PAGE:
JH: Drop of milk. While they’re still alive. ‘Fill my can’. And another thing could mean ‘fill my can’ mean, is often used as an expression that means, ‘make my dream come true, fulfil me with what I want’, you know, ‘give me fulfilment’. And, eh, I’ll try and — I’ll sing it the way I heard it. But I’m not altering one iota, so, I mean, it’s not me, it’s not up to me at all to do anything. But it’s the way I heard it. It think I’ll start off as, there’s a man going out for a walk, and he sees all this thing and they speak to him and he answers them back, and —

LS: That expression, ‘fill my can’, meaning, ‘make my dreams come true’?

JH: It could mean, we have that expression. Now ‘fill my can for me’ —

LS: Does it come from that period, or was it before that?

JH: No, no, no, from that, it comes from that period, ‘fill my can’, ‘make my wish come true’. It’s a great expression in Gaelic, líon mo mhála, líon mo chupán.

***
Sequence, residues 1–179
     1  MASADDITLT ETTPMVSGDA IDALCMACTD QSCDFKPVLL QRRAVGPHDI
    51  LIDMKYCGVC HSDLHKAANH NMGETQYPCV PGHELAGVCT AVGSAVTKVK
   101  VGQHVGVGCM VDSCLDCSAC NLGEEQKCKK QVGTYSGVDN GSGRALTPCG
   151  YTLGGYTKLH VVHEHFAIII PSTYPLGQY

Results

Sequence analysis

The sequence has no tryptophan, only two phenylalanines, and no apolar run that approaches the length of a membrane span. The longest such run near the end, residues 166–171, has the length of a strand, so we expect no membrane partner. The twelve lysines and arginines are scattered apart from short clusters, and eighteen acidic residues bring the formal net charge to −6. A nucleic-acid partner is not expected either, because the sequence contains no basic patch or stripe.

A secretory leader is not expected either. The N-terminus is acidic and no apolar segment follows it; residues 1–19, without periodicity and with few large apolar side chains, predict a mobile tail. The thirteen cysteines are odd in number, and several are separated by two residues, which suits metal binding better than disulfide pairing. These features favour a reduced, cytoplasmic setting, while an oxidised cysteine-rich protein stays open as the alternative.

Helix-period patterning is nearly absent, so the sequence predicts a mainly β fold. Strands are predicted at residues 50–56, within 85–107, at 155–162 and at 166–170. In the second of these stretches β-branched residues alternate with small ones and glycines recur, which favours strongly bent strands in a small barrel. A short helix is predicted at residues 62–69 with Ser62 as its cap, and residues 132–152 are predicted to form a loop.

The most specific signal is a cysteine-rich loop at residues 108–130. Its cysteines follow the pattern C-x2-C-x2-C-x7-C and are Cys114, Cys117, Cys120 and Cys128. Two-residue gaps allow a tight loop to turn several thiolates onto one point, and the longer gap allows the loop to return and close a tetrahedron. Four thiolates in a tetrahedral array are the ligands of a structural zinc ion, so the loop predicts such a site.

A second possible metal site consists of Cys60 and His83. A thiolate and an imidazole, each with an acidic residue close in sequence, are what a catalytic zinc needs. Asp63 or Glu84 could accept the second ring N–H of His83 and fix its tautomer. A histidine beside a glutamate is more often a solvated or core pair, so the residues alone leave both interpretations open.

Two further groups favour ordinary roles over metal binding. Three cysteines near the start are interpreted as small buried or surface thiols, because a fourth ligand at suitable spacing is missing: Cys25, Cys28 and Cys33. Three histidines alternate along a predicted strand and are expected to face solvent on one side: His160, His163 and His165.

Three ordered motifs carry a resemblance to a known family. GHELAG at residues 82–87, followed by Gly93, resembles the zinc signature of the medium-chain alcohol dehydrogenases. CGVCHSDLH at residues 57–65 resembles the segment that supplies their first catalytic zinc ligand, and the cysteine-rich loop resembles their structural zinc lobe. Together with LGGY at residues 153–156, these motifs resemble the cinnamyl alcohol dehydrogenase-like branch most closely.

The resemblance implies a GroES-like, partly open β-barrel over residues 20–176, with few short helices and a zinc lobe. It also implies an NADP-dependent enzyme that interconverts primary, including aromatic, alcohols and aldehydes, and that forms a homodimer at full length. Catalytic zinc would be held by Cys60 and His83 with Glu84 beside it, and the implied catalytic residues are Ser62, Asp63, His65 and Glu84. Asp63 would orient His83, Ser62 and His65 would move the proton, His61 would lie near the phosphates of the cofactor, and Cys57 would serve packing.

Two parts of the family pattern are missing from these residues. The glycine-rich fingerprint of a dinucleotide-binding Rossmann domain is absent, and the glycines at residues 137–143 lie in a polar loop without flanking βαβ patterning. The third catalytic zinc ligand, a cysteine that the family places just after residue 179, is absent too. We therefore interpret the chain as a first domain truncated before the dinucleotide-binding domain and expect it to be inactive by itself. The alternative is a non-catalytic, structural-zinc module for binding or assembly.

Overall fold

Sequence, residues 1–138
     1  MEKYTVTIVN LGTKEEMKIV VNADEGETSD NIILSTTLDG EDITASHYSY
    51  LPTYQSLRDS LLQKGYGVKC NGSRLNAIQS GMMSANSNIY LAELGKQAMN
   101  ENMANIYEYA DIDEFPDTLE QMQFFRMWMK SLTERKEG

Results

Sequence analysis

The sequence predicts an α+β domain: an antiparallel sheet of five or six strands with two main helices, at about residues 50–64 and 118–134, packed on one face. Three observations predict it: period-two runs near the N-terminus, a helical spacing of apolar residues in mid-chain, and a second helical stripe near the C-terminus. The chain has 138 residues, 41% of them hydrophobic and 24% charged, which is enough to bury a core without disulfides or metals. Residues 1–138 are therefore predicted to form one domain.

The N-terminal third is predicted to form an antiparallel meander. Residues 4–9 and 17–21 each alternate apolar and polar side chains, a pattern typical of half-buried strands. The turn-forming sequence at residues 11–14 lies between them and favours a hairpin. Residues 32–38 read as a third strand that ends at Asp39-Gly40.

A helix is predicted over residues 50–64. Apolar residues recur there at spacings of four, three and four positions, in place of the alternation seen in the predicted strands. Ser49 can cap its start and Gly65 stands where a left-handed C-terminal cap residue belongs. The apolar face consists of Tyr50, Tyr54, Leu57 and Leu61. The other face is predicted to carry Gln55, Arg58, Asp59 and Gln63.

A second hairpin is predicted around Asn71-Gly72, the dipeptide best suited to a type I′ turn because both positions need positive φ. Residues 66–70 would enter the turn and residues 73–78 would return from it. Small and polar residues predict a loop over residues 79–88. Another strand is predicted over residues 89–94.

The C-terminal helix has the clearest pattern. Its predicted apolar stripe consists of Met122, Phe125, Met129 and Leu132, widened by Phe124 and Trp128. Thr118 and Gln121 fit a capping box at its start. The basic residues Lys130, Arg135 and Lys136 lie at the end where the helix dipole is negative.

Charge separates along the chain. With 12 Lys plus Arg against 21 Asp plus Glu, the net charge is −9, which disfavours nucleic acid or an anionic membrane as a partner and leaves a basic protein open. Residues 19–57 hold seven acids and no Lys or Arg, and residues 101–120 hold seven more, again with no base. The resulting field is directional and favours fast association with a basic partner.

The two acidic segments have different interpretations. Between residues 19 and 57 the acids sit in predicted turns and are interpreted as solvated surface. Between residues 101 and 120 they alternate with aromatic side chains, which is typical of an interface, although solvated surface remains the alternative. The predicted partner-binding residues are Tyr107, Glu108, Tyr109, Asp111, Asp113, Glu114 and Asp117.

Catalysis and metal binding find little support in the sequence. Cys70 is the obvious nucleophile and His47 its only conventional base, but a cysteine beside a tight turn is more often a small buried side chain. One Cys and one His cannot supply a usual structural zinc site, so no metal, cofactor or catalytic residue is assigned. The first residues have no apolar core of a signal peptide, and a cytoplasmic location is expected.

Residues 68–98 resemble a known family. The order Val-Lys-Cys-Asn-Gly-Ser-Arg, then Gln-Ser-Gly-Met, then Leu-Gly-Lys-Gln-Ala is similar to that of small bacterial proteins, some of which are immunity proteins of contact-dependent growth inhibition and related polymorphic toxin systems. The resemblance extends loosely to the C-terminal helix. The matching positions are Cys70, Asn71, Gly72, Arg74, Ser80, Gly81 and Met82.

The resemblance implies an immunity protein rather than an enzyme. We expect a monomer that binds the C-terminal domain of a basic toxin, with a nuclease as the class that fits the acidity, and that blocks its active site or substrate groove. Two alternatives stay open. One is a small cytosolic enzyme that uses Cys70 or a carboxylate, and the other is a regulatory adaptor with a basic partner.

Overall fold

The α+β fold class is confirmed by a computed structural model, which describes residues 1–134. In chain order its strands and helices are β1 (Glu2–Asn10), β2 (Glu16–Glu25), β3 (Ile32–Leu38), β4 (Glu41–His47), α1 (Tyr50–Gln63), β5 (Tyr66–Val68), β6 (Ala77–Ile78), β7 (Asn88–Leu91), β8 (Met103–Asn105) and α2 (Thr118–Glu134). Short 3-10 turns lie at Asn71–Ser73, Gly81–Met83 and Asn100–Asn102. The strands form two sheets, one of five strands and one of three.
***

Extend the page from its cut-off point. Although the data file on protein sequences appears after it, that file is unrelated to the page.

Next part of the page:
LS: People still use it?

JH: Oh yeah.

LS: What do they usually mean by it, nowadays?

JH: Well it means… more or less, ‘don’t disappoint me’ now. If somebody comes at Christmas Eve to the door, and they said, “Oh my God, my time is full now”. That means that ‘this is something I wanted to see, I wasn’t disappointed, the person came’.

As I walked out through Galway City
As I walked out on a pleasant walk
As I was walking I could hear them talking
Oh, surely he is an honest man.

Come lay me down, love, and treat me decent,
Come lay me down, love, and fill my can
Oh, lay me down, love, and treat me decent
For once I was an honest man.